Friday, December 15, 2006

Report: Russia to Refit Nuclear Missiles

MOSCOW (AP) - Russia will replace single nuclear warheads on some of its strategic missiles with multiple warheads, Russian news agencies reported Friday, allowing Moscow to modernize its nuclear arsenal while building fewer new missiles - and spending less.

In theory, the shift would also make it easier for Russian nuclear weapons to evade a U.S. missile defense system.

"In the near future we will begin to substitute the single warheads on Topol-M intercontinental missiles with multiple warheads," the Interfax-Military News Agency quoted Gen. Nikolai Solovtsov, commander of Russia's Strategic Rocket Forces, as saying Friday.

"This makes the task of replacing aging missiles much easier," said Alexander Pikayev, a Moscow-based defense analyst who is co-chair of the Committee of Scientists for Global Security.

On Thursday, President Vladimir Putin said the deployment of Topol-M missiles on mobile launchers was a "serious step forward in strengthening Russia's defense capability."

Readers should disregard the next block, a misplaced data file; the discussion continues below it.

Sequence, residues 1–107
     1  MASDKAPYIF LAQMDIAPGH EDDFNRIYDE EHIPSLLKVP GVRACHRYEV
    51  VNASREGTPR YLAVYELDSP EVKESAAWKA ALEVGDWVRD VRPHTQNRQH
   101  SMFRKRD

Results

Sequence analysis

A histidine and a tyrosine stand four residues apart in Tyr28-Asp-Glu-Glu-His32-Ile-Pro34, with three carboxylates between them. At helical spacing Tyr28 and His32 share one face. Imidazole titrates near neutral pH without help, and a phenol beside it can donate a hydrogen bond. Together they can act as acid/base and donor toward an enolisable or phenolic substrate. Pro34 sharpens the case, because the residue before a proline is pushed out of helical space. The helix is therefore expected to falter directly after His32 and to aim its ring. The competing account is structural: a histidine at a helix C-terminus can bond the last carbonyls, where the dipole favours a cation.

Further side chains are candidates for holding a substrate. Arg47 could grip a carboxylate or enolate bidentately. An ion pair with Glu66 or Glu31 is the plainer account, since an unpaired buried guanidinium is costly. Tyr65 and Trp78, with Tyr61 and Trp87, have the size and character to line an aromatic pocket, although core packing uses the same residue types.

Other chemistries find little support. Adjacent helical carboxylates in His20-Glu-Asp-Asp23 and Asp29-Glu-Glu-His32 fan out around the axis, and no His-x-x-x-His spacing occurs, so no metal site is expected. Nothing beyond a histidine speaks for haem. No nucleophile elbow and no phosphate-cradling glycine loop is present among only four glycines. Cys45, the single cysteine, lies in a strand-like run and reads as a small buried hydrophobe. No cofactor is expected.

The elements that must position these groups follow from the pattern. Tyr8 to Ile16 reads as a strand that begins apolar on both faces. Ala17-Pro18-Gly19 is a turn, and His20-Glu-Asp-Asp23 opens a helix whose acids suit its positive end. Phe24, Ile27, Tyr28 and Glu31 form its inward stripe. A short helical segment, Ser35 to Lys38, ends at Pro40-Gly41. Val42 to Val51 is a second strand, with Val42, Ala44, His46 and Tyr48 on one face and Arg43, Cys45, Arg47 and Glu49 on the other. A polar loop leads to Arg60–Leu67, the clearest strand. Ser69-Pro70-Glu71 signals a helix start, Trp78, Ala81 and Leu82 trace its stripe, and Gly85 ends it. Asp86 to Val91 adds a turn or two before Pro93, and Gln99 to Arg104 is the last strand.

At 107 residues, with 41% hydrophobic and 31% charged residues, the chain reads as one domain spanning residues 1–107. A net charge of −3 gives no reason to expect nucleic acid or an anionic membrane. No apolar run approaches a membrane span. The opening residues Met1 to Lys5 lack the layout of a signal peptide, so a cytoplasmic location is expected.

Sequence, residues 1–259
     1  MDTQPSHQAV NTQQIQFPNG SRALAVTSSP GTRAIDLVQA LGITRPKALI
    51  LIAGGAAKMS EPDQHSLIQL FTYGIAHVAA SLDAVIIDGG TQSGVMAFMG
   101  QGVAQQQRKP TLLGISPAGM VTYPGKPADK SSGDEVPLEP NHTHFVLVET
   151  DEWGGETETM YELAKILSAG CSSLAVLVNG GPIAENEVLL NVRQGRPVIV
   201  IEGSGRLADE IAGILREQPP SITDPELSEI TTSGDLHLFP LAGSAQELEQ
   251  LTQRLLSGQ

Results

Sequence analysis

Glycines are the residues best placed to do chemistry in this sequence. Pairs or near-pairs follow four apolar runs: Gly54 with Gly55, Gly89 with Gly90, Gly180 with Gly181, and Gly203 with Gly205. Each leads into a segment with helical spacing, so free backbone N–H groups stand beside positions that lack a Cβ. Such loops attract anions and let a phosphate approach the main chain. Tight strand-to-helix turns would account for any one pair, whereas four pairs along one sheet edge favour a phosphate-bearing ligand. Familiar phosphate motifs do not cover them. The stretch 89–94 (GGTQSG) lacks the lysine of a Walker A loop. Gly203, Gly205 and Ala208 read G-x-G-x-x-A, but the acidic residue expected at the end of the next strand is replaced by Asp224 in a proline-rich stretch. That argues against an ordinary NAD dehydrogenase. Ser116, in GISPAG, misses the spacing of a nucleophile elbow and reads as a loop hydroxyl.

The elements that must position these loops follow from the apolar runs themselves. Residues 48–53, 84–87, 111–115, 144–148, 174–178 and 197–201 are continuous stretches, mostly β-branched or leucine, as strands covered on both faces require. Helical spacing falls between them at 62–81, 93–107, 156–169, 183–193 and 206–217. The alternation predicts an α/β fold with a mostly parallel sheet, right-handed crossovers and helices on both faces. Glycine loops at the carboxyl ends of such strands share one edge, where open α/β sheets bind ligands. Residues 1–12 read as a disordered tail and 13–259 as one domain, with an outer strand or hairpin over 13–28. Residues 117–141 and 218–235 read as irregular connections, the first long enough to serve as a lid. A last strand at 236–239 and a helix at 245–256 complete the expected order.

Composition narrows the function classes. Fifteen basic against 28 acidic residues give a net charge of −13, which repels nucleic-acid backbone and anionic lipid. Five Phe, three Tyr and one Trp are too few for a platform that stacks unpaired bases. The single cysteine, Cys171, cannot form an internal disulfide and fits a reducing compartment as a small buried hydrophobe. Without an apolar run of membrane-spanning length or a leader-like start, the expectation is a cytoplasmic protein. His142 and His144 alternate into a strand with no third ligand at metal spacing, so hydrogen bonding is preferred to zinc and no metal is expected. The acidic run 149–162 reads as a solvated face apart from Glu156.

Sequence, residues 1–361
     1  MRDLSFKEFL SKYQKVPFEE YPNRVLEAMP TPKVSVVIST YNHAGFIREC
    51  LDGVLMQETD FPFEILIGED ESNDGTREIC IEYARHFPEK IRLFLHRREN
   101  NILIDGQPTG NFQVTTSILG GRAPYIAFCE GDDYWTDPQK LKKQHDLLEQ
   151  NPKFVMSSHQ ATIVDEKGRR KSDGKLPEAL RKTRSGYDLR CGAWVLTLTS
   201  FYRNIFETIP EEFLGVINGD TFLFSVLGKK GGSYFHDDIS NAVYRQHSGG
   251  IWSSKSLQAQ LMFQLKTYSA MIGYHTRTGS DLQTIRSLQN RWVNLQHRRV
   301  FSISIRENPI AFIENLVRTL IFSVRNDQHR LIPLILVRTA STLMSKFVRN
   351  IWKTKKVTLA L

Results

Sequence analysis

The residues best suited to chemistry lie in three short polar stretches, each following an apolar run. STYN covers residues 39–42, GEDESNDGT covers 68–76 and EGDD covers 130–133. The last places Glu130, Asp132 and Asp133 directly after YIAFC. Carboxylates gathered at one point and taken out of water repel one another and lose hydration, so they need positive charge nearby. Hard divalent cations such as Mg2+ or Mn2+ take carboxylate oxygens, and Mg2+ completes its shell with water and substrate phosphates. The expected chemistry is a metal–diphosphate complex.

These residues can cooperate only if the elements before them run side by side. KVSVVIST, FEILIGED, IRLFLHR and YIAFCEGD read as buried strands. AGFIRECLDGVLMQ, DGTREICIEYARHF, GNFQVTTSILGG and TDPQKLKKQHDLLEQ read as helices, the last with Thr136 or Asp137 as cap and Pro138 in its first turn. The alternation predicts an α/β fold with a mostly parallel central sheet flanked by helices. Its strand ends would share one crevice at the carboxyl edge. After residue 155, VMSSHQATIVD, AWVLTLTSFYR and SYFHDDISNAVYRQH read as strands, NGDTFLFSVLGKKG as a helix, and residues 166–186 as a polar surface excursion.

Capable of hitting targets more than 6,000 miles away, the Topol-M missiles have so far been deployed only in silos. The mobile version of the missile, mounted on an off-road vehicle, is harder to locate and destroy.

The United States has not deployed similar mobile launch systems, but it has better access to oceans and can concentrate its nuclear missiles in submarines, Pikayev said.

Johns Isaacs, executive director of the Council for a Livable World in Washington, said Friday that the deployment would not change the strategic balance between Russian and U.S. nuclear arsenals.

"It's a reflection that the Russians as well as the Americans continue to update their forces with weapons they won't use and don't need," Isaacs said. "Adding a few more here or there is not going to make any difference in the balance of power, the state of the world, peace on earth, or good will toward men."

During the economic shocks of the 1990s, Russia was slow to modernize its nuclear weapons systems.

The military has commissioned just over 40 of the Topol-M missiles since 1997, and aging Soviet-era missiles form the backbone of the nation's nuclear capability.

In 2002, Putin and President Bush signed a treaty obliging both sides to cut the number of strategic nuclear weapons by about two-thirds by 2012, down to between 1,700 and 2,200 missiles each.

When the treaty was signed, many analysts said the number of Russian nuclear weapons could fall far below the number set by the treaty.

However, the recent oil boom allowed the Kremlin to increase military spending and speed modernization.

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